This week, German public television launched a new 12-part series set in the chancellor's office. "Kanzleramt" gives viewers a glimpse inside the world of Berlin's political movers and shakers. But is it entertaining?
Germany's fictional chancellor (left) with his closest advisor
German television is certainly not lacking in series on the lives of all sorts of people and their professions. Teachers, doctors, preachers, lawyers and policemen are pretty much taken care of. But little is known about the behavior of politicians when they’re out of the public eye.
This is where the new ZDF series "Kanzleramt" is supposed to come in. Storyboard author Hans-Christian Blumenberg is confident that viewers will be glued to the set, hoping to find out how what the political top shots are really like.
On the job pressures
Where it all takes place: the Chancellery in Berlin
“It’s meant to be provide a glimpse behind the scenes," Blumenberg said. "What happens when the cameras and microphones are switched off? How do politicians get along with each other? Which pressures do they have to face? And how do they cope with them. It’s also interesting to see how the strains of their job impact their private lives. We’re trying to provide answers to all these questions.”
The protagonists in the series from the chancellor down to under-secretaries are purely fictional and are not designed to remind viewers of real-life figures. Nevertheless, actor Klaus Behrendt who plays the chancellor made a point of spending time with Gerhard Schröder to better understand what his job is all about.
“At the beginning, I had enormous problems identifying with the chancellor," Behrendt said. "But after months of trying to get into the right frame of mind, I feel much better now and can really relate to the man I’m playing.”
Given the media hype that had been created around the series in past weeks, the first episode on Wednesday night must have been a grave disappointment for most.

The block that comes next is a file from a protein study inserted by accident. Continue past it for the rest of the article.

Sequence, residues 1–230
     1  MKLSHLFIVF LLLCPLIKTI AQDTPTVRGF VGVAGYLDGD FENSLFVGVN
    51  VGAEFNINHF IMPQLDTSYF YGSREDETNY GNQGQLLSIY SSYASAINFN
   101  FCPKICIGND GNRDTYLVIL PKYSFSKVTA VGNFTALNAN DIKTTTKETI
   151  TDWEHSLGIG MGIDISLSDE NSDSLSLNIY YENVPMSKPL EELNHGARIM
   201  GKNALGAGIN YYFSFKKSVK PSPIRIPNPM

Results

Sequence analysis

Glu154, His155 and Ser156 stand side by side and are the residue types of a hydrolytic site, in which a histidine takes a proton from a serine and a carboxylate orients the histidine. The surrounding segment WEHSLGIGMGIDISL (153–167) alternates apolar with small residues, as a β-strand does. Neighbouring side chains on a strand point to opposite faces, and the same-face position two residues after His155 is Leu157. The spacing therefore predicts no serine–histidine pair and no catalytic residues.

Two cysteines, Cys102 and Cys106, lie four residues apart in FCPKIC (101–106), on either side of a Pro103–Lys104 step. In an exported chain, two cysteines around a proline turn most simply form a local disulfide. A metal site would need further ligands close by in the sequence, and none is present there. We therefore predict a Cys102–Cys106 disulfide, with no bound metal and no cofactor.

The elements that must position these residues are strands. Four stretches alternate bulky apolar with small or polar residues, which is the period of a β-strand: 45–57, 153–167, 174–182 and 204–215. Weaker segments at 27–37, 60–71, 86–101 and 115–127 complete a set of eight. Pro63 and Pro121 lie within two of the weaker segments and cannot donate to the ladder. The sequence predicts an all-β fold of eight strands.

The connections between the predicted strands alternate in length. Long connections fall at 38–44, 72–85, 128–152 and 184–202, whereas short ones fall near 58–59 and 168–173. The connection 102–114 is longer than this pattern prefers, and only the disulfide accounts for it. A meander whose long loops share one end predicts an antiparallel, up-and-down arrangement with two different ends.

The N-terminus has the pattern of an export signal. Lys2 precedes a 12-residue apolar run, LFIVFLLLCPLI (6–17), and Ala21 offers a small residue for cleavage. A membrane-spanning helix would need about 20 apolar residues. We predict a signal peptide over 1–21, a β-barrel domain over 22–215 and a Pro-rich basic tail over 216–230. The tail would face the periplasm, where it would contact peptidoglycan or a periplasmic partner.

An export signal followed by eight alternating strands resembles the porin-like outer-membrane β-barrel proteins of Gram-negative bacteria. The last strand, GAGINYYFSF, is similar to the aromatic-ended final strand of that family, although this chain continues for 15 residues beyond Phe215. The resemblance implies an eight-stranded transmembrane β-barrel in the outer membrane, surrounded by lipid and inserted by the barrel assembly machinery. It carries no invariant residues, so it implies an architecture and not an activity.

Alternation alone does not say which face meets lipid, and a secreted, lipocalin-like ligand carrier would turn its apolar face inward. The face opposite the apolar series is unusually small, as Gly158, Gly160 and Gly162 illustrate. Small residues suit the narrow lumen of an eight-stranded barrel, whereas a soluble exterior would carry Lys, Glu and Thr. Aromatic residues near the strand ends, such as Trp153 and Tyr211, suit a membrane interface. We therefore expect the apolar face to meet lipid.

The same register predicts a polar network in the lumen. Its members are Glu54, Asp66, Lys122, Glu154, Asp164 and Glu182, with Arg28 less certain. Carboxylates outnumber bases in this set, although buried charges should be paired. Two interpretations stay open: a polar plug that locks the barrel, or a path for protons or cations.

The chancellery came across as an unruly club with the big boss trying to stay on top of various crises. But then, perhaps that comes closer to reality than we all assume.
Viewers were pressed to sympathize with a drug-abusing minister who started a street fight with an innocent passer-by. A hostage-taking crisis in Peru was resolved by an energetic newcomer who needed only to exchange a few words with a member of a revolutionary brigade to sort things out. And at the end of the episode, the chancellor’s wayward daughter showed up in Berlin and tried to force her way into her dad's office.
Karoline Teska plays Nina, the chancellor's wayward daughter
Do we really want to see the second episode to find out what she’s up to? It's doubtful.
Wooden performances and bad music aside, the first episode stood out because of its superficiality. And that makes it all the more surprising that real-life government spokesman, Thomas Steg, sees the series in a positive light. “Not everything that we’ve seen is as far-fetched as it seems at first glance," Steg said. "Some things may indeed have happened the way they were shown in the first episode. For the viewers, it’s a constant game of guessing what’s close to reality and what’s not. But you’ll understand that I’m not going to give them any hints.”